Does your mouth taste like you’ve been munching on old coins? There’s a medical name for that: dysgeusia, a condition that can make your mouth taste metallic, salty, or rancid.
When you think about how your sense of taste works, it’s easy to see how it can get a little messed up. It’s not all about your tongue-it’s a complex system controlled by your taste buds and your olfactory system, which includes your nose and nasal cavity. If signals get crossed anywhere between your tongue, nose, and brain, then it might bring on that metallic taste.
You're taking certain medications
Antibiotics (including tetracycline and amoxicillin), lithium (used to treat psychiatric disorders), certain cardiac medications, and allopurinol (which treats gout and kidney stones) all commonly cause metallic taste in mouth. They can vary in the way they mess with your taste. Some cause dry mouth, which subsequently disturbs taste by decreasing the amount of saliva you produce, says family medicine expert Dr Summer Allen.
Other drugs may contain metals that are excreted through your saliva. And still others can muck up the signals your taste buds sends to your brain, which makes you perceive a metallic taste.
You're taking over-the-counter meds or vitamins
"Multivitamins may contain high amounts of metals, which cause taste disruption by disrupting ion channels that signal our perception of taste," says Dr Donald Ford. Aside from multivitamins, cold medicines and prenatal vitamins with high amounts of copper, zinc, chromium, calcium, or iron, could all be causing the metallic taste.
You have poor oral hygiene
Skipping brushing and flossing doesn’t just give you stinky breath and cavities. Over time, you may develop gingivitis, which puts you at risk for infections like periodontitis. "With presence of infection, blood flow to the tongue may be reduced, taste buds may become blocked or saliva output can decrease which also impacts taste buds and results in impairment of taste," says Dr. Allen.
You have a sinus infection
As if a stuffy nose, sore throat, and headache weren’t enough, a sinus infection may be dusrupting your tastebuds.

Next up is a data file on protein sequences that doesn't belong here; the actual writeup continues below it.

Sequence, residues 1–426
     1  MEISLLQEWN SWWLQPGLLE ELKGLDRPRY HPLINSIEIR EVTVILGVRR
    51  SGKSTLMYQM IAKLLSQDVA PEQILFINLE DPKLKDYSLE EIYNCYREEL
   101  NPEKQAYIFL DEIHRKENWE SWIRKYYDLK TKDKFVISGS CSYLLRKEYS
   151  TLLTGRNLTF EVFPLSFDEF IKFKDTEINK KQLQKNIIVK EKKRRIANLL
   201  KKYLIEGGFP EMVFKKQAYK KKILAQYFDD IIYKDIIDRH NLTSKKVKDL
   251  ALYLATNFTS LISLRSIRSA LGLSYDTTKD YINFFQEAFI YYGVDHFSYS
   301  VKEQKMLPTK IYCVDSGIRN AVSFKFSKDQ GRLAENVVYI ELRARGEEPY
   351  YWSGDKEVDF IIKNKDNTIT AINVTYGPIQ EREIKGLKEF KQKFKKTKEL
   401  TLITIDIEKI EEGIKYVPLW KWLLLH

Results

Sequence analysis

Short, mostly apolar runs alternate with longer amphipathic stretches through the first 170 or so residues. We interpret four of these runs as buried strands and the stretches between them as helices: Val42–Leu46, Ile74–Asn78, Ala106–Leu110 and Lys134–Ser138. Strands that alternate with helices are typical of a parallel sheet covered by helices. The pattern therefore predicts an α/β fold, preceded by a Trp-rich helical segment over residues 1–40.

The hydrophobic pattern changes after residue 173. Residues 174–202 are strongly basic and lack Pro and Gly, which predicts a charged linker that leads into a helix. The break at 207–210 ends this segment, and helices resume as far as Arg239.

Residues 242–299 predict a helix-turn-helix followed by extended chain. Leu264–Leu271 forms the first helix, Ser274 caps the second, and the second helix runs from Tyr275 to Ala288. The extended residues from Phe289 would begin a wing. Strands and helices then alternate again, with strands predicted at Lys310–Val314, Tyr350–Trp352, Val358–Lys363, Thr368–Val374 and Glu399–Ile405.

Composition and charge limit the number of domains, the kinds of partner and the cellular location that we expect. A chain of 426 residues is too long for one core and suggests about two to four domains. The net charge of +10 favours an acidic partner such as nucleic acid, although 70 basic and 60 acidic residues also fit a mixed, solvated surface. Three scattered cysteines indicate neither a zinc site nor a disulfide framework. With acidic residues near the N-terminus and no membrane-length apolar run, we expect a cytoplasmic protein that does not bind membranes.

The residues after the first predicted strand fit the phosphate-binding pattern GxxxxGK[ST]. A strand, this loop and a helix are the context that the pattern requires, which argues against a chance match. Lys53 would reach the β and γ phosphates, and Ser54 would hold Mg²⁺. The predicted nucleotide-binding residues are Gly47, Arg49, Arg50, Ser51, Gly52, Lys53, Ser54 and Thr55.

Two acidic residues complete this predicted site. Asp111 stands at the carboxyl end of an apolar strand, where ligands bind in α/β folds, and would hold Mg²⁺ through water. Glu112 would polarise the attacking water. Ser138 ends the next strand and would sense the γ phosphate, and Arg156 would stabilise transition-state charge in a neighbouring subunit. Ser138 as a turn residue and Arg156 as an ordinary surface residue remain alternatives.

If you're congested and stuffy, this could be a cause of the metallic taste.
"Swelling and blockage in the salivary ducts can impair salivary flow," says Dr Ford. "Reduction in saliva output may cause injury to taste buds and their activity."
And if you're taking zinc lozenges to soothe your sore throat, that could also be contributing to your metal-mouth.
You've had head trauma
"Head trauma can cause direct injury to the nerves that control our sense of taste and smell. Any changes to these nerves can create permanent alterations in our perception," says Dr Ford.
Neurological diseases like multiple sclerosis and Bell's Palsy can also impact your body's sense of taste by disrupting the central nervous system.
You're being treated for cancer
Radiation and chemotherapy can both alter sense of taste. This happens when the cancer treatments are injected into the bloodstream, and also get into saliva.
You're a smoker
As if you need another reason to quit smoking, lighting up distorts your sense of taste. All those chemicals you inhale throw off the ability of your taste buds to regenerate, which can cause a metallic taste-or dull your taste altogether. A 2014 study puiblished in Chemosensory Perception found thats smokers have a tougher time recognising certain flavors, especially bitter ones.
You have acid reflux
That burning sensation you feel when you have heartburn is caused by stomach acids creeping back up your digestive tract. Sometimes, they can reach your mouth. "When the digestive acidic enzymes in your stomach intended to help digest food reflux into your throat/back of your mouth, it can damage the taste buds/receptors and lead to the metallic taste," says Dr Allen.
One common early sign of pregnancy is a sudden aversion to certain foods. Similarly, the surge of hormones you’re experiencing can also screw with your taste, making you feel like you’re suddenly sucking on a penny.